LOCAL Plaid Cymru politicians stood in solidarity with striking university staff at the Senedd this week, as over 70,000 staff from over 150 universities across the UK undertook three days of striking action over attacks on pay, working conditions and pensions.
The strike, organised by the University and Colleges Union (UCU), was the biggest in the history of higher education, and saw protestors gather en masse in London and Cardiff, as well as picket lines on university campuses, including in Aberystwyth and Lampeter.
The strikes come after UCU members overwhelmingly voted ‘yes’ to industrial action in September in two historic national ballots over attacks on pay and working conditions as well as pension cuts.
In September, Aberystwyth University, along with other employers, offered a standard three per cent pay increase. UCU’s demands, however, include a pay uplift of 12 per cent or Retail Price Index (RPI) plus two per cent, an agreed framework to eliminate insecure work practices such as zero hours contracts, and action to address dangerously high workloads.
The protest at the Senedd on Wednesday 30th November brought together a range of university staff, students and supporters, as well as many politicians.
Elin Jones, Member of the Senedd for Ceredigion said:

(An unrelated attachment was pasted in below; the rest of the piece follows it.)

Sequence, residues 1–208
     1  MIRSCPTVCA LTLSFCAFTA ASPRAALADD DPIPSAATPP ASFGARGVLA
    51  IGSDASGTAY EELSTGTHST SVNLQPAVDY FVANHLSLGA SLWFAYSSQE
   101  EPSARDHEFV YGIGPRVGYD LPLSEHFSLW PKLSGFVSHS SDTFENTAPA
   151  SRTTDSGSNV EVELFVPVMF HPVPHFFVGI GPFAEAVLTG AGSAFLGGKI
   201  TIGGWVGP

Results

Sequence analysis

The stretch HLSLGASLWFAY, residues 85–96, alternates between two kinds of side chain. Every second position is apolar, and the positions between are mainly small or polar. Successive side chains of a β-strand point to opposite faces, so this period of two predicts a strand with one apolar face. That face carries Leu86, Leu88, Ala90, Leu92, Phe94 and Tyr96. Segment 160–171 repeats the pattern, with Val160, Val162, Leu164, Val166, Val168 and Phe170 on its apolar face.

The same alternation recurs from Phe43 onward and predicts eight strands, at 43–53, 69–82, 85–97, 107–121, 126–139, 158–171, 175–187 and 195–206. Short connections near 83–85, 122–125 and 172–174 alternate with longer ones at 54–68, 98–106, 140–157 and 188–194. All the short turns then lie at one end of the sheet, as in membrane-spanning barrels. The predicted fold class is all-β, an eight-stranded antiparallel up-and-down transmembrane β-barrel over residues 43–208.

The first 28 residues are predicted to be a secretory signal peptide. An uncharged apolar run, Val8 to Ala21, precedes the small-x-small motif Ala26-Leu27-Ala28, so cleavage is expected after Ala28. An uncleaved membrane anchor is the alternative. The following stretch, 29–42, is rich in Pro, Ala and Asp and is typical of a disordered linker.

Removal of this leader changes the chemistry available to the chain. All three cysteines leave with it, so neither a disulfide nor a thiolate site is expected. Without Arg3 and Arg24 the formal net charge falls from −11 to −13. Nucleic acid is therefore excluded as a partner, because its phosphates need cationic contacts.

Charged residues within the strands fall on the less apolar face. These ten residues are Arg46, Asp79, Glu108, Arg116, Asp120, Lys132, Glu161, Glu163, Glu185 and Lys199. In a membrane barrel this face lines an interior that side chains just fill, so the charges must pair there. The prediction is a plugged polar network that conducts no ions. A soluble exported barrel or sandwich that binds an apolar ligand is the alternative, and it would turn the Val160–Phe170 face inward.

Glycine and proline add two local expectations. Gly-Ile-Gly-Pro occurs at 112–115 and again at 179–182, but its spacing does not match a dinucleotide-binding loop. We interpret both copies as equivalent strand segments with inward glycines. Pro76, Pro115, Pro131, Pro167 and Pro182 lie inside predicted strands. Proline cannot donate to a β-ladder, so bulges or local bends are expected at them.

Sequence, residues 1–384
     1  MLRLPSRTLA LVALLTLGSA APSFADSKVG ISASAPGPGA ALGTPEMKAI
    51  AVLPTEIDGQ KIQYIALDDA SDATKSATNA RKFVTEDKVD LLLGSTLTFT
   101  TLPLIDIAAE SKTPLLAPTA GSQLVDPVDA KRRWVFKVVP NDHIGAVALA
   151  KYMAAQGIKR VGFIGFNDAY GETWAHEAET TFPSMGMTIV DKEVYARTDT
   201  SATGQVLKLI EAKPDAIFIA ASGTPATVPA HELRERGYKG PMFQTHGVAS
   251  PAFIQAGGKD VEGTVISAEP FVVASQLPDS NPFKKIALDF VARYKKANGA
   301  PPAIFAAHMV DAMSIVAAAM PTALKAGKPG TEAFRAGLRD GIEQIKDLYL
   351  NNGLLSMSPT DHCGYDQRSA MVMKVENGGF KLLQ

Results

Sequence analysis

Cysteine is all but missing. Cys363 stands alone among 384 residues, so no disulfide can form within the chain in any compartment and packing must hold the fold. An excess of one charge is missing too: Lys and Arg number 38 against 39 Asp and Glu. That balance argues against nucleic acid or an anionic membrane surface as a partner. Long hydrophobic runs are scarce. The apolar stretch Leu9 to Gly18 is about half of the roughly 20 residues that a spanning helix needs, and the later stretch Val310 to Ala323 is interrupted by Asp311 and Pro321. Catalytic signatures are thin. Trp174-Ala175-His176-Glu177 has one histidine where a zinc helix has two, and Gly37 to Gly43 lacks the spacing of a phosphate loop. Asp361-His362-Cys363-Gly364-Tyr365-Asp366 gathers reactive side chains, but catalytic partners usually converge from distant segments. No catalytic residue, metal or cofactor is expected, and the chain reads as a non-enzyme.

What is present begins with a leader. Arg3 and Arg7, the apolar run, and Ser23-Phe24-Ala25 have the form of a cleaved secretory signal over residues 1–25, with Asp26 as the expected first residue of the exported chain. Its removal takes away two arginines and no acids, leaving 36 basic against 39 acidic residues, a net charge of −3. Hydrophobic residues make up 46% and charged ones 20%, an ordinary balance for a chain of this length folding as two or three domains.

“I welcomed the opportunity to stand in solidarity with striking university staff. As the cost-of-living crisis intensifies, it’s clear that the current pay offer to university staff does not go far enough, and many will struggle financially over coming months.
Whilst staff in Aberystwyth and Lampeter are working hard to deliver an exceptional experience for their students, more and more are struggling as a result of falling pay, pension uncertainty and insecure work.”
Cefin Campbell, Member of the Senedd for Mid & West Wales concluded:
“Universities’ roles as vital employers across Mid & West Wales cannot be understated. No-one – including the university staff – wants industrial action, however the fact that the strike took place indicates the strength of feeling and frustration within the sector. At this time of growing financial hardship, I stand with the UCU staff and hope their demands will be met by universities.”